Yale students stepped off campus and into local New Haven communities Saturday morning to celebrate a nationwide day of service inspired by Mohandas Gandhi.
The event, which was sponsored by the Yale South Asian Society, drew about 15 volunteers. Students gathered for breakfast at Dwight Hall, where South Asian studies professor Faisal Devji primed them for the day’s events by speaking about Gandhi and his message of service toward displaced groups. Devji said Gandhi emphasized service as an instinctive part of one’s daily routine rather than an attention-seeking activity.
The motto of the event was one of the leader’s well-known quotes — “You must be the change you wish to see in this world.”
Dipa Joshi ’06, the society’s outreach coordinator, said she was inspired by Devji’s speech.
“I think we all really took something from him to wherever we went for the day,” Joshi said.
The aim of Saturday’s activities was to serve several of the New Haven Community’s needs. A group of students spent the day at Casa Otonal in the Hill neighborhood, painting low-income housing for the elderly. At the Community Soup Kitchen, volunteers helped organize paperwork in the morning and served lunch in the afternoon. The third volunteer site was the Eli Whitney Museum, where Yalies helped to assemble educational materials for the many public school students who visit the museum.
South Asian Society President Neema Trivedi ’05 spent Saturday at the Eli Whitney Museum. She said she intends to continue volunteering there.
“I loved it,” Trivedi said. “Lots of us are planning to go back on our own.”
Five years ago, members of the University of Michigan’s Indian American Students Association sponsored the first event of its kind in honor of Gandhi’s commitment to service. Since then, the concept has spread to many college campuses across the country, usually through university-sponsored South Asian societies. One hundred thirty-five colleges and community groups nationwide registered for last Saturday’s activities.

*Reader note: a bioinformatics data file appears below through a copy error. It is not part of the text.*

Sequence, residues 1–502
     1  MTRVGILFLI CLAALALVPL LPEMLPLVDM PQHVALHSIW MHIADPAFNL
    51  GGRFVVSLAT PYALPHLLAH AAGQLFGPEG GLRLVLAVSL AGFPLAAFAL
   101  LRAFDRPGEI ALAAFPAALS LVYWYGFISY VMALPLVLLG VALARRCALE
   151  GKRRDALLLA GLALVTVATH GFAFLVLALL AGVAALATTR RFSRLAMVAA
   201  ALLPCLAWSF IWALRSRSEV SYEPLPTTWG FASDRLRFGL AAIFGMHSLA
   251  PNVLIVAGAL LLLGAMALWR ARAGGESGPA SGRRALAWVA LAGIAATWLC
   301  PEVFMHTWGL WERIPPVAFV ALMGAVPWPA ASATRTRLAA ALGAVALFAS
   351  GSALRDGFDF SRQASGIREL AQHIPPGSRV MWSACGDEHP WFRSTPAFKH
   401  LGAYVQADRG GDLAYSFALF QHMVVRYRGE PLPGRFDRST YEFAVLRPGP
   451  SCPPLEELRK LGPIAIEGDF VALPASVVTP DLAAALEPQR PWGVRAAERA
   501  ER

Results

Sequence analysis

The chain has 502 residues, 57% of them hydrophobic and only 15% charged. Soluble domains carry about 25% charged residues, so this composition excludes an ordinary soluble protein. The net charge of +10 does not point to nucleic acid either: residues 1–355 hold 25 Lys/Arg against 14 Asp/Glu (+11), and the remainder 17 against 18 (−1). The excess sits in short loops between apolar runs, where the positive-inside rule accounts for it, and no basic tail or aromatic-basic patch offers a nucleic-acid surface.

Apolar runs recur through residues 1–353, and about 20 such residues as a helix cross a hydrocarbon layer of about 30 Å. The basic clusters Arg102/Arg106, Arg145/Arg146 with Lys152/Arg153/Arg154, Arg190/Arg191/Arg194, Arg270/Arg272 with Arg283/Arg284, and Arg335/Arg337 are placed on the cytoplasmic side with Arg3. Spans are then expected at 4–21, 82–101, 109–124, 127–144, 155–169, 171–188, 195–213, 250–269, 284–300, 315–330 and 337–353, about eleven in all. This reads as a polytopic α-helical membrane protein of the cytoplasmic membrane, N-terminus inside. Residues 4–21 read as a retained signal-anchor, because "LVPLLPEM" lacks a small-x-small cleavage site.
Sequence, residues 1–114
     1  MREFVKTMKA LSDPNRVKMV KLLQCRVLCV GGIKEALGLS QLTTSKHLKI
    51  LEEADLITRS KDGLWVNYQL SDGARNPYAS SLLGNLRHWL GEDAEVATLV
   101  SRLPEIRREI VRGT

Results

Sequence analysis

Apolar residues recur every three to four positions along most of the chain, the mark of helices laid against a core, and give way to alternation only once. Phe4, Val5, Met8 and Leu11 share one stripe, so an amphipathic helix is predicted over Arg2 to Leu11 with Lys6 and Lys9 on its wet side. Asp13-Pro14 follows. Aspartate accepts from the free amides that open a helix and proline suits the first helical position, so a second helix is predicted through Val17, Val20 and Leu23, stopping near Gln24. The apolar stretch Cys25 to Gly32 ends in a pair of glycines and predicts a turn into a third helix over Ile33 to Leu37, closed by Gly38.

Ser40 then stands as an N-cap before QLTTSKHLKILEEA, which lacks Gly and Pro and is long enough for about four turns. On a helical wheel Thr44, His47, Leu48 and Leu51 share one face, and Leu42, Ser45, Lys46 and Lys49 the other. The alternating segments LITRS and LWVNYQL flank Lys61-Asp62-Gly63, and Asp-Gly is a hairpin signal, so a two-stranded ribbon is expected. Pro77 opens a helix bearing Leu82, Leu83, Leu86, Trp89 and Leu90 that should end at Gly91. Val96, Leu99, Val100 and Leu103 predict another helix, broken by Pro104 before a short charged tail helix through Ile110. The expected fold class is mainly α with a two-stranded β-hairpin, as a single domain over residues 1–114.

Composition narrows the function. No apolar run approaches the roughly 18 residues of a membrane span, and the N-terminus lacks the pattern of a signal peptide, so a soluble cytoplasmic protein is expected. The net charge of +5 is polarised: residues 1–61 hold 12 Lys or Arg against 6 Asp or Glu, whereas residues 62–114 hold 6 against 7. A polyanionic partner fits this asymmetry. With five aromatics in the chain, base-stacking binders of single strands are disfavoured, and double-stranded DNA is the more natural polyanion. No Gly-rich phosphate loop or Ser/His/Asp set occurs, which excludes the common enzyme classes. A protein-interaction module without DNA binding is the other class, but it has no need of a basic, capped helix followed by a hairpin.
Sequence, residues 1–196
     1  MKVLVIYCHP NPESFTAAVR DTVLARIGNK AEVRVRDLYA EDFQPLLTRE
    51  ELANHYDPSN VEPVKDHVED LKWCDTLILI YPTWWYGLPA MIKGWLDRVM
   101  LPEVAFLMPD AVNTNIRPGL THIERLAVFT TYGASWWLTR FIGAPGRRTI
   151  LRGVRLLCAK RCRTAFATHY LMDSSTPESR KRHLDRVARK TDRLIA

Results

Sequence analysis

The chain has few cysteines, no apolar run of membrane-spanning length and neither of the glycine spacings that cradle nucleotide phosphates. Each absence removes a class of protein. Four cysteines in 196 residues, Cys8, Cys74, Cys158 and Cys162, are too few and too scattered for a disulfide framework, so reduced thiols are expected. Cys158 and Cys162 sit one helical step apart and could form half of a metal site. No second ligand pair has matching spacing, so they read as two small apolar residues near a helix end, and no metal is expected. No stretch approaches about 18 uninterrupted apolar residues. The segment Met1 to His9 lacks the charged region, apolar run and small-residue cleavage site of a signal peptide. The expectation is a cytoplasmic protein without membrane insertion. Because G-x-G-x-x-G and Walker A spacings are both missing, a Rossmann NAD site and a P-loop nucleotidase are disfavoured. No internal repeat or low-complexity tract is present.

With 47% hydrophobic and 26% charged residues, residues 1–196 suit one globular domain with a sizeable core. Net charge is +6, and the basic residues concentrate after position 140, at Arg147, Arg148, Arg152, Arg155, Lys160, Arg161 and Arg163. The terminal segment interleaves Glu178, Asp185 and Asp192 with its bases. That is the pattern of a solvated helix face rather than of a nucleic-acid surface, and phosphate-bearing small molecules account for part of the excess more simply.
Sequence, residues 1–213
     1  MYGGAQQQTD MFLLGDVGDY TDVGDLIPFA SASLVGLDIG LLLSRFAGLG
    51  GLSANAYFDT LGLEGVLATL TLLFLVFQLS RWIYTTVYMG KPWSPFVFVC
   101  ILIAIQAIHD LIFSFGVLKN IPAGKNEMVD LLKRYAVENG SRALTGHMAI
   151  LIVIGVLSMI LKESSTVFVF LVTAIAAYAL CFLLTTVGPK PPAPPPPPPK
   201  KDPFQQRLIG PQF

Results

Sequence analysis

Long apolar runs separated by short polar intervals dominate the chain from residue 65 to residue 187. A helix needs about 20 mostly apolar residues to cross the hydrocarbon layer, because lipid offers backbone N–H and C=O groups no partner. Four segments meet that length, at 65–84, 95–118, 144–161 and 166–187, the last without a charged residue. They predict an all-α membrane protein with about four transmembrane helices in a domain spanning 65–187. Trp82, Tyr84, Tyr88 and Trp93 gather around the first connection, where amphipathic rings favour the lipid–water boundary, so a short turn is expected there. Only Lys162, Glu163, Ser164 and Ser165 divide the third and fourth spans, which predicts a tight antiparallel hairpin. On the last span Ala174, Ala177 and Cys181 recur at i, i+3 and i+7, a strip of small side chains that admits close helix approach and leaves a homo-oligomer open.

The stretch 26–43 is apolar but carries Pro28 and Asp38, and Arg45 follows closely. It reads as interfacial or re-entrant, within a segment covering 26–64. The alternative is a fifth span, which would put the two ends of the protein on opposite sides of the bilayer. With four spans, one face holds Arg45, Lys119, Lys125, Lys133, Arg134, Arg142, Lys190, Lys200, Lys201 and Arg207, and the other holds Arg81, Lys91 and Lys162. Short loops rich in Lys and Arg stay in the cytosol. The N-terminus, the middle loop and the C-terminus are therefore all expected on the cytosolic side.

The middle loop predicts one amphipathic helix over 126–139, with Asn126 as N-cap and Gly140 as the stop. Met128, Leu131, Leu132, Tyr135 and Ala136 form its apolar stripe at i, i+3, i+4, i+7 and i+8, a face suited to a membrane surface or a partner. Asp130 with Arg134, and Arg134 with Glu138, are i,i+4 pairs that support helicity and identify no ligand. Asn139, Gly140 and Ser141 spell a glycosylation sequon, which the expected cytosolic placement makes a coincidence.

Traditionally, the day of service is held on the Saturday after Gandhi’s birthday, Oct. 2. In the absence of an outreach coordinator, there was no Gandhi Day at Yale last year, although the South Asian Society had organized activities in previous years.
For the South Asian Society, Gandhi Day began an ongoing public service initiative throughout the New Haven area. Students will give presentations on South Asian culture in New Haven public schools on Oct. 17 and 24 as part of a government-sponsored cultural awareness program. There are also plans to organize tours of the Yale campus for South Asian high school students in the Connecticut area who are interested in applying to Yale.
The South Asian Society, which has about 100 active members, would like to assemble as many as 30 to 40 volunteers for next year’s Gandhi Day, Joshi said. The society has also expressed interest in visiting Columbus House, a local homeless shelter and Lighthouse Point Park in the New Haven Harbor.